“Labor will consult on the timeline and coverage of vehicle emission standards to ensure consumers are made significantly better off, and aim to phase-in standards of 105g CO₂/km for light vehicles, which is consistent with Climate Change Authority advice.”

These standards would be in line with those in the United States but less stringent than those in the European Union.

“These standards will be applied to car retailers to meet average emissions standards, rather than imposing blanket mandatory standards on manufacturers.

“This will allow retailers to meet the standards by offsetting high emissions car sales with low or zero emissions car sales – such as electric vehicles.”



Emily Nunell/Michael Hopkin/The Conversation, CC BY-ND

UPDATE: Reaction

The government has reacted predictably to the Labor climate plan, branding it a “new tax”, ahead of what will be a major Coalition scare campaign in the election.

Scott Morrison said the opposition leader “does not have a plan, he just has another tax.

“What we’ve got here is a ‘re-Rudd’ of a failed policy that costs jobs, that costs businesses, that will cost Australians at least $9,000 a year, with the reckless targets that Bill Shorten will make law.”

On electric cars, Morrison said Shorten needed to explain how in 10 years he would take them from 0.2% of the market to 50% – because if he didn’t achieve his “reckless target […] he has to come back and get that money off you”.

Energy Minister Angus Taylor said the Shorten policy “would be a wrecking ball in the economy.

“It would raise the price of electricity and the price of gas and the price of food and the price of cars. Labor needs to come clean on the detail – not just the mechanism, which we know is the carbon tax.”

The Business Council of Australia welcomed the further details Labor had provided but said there were unanswered questions including “what mechanism will drive and manage the transition to lower-emissions generation in the electricity sector?”

“It remains unclear how abatement will be delivered in the electricity sector and how the various announcements made today will contribute to an economy-wide emissions reduction target,” the BCA said.

It said it had strongly supported the National Energy Guarantee (NEG) and called on the ALP, if elected, “to commit to working with the states and territories to implement the scheme as a credible, market-based mechanism to drive abatement and investment in the electricity sector.”

The Labor party has supported in principle a NEG – the plan the Coalition dumped because of an internal split over it.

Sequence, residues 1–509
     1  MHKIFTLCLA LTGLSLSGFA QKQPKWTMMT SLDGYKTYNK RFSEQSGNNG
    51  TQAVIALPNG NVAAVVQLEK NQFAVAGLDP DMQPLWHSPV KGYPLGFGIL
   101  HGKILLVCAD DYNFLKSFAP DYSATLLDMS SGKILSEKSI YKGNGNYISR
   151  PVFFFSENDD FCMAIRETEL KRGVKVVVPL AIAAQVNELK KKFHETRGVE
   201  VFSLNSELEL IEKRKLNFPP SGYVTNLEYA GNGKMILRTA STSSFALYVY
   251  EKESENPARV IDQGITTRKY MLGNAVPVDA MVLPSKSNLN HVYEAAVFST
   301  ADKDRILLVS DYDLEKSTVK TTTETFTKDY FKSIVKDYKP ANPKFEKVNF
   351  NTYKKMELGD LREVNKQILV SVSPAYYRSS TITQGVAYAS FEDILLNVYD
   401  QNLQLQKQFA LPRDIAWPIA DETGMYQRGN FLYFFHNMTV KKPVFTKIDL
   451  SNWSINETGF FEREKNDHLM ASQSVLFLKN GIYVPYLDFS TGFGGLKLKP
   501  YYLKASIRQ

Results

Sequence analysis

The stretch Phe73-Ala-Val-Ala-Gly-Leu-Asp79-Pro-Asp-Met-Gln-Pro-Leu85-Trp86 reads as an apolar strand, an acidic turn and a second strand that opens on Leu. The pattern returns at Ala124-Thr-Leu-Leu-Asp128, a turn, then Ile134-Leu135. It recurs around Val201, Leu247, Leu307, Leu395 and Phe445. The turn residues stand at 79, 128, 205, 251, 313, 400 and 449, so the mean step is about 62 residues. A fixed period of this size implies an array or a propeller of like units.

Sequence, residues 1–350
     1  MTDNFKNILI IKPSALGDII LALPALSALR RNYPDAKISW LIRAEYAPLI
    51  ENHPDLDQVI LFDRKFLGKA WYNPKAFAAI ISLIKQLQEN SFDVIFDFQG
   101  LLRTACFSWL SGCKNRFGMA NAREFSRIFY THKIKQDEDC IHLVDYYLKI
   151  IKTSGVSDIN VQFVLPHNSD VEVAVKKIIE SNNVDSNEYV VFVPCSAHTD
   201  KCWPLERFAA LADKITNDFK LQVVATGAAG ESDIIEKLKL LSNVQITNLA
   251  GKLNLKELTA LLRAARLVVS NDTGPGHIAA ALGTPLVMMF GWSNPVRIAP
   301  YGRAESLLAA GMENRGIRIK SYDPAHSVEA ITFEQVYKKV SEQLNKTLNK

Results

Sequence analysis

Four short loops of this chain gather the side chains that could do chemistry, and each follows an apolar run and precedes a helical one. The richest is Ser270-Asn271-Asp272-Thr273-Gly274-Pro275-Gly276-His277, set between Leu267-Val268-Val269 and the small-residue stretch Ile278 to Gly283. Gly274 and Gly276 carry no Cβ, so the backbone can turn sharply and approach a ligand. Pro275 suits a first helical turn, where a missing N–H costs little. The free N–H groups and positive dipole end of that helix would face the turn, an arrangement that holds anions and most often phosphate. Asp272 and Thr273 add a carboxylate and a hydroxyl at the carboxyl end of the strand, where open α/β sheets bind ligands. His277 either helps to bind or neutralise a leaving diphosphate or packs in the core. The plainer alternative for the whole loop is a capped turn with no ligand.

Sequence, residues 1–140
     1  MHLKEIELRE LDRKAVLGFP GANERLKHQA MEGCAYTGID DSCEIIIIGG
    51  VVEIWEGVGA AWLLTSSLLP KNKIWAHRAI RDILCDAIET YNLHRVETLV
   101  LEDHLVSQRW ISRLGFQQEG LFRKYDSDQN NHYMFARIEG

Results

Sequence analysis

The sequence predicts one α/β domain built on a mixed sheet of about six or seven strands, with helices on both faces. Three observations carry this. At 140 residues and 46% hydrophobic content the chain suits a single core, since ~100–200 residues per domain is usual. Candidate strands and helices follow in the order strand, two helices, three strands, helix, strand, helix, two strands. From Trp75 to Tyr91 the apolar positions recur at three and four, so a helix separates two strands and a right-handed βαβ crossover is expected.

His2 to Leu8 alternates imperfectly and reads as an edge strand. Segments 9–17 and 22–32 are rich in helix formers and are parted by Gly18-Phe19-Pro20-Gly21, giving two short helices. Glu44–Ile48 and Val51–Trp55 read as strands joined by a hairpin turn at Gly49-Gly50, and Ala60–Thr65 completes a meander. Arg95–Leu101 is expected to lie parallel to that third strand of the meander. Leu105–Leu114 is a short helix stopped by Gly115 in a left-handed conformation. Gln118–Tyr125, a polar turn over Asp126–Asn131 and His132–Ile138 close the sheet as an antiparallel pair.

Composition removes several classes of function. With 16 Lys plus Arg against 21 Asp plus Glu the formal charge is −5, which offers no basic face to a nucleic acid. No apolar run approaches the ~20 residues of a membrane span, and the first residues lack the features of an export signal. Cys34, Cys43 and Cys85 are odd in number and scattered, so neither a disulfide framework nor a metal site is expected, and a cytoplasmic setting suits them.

The Australian Conservation Foundation gave Labor’s policy a qualified tick, describing it as “a serious policy response to the existential threat of global warming that recognises pollution must be cut across all industry sectors.”

“Labor’s climate change plan does address many of the important challenges Australia has in transforming into a zero-pollution economy,” the ACF said.

But “unfortunately, sections of Labor’s policy platform contain significant wriggle room that big polluters may seek to exploit.

“If it wins government Labor must quickly harden the detail around its policies and resist attempts of industry lobby groups like the Minerals Council of Australia, the Business Council of Australia and the Australian Automobile Association to weaken climate action.”The Conversation

Michelle Grattan, Professorial Fellow, University of Canberra

This article is republished from The Conversation under a Creative Commons license. Read the original article.

Don’t trust the environmental hype about electric vehicles? The economic benefits might convince you



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There are plenty of economic reasons to change our gas-guzzling habits.
Shutterstock

Gail Broadbent, UNSW and Graciela Metternicht, UNSW

With electric cars back in the headlines, it’s time to remember why we should bother making the transition away from oil.

In our recent research looking at attitudes towards electric vehicle uptake, we pointed to some of the factors making the case for change. We need to remind ourselves that burning oil, a finite resource, to energise motor vehicles will not only cost the environment, but also the economy.

A critical factor is carbon emissions. The transport sector is the fastest growing contributor of greenhouse gases.

The transport sector contributes some 18% of Australia’s total greenhouse gas pollution and Australia is ranked second worst in an international scorecard for transport energy efficiency.




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Costly, toxic and slow to charge? Busting electric car myths


But even if you don’t believe this is an urgent issue, there are plenty of economic reasons to change our gas-guzzling habits.

A matter of money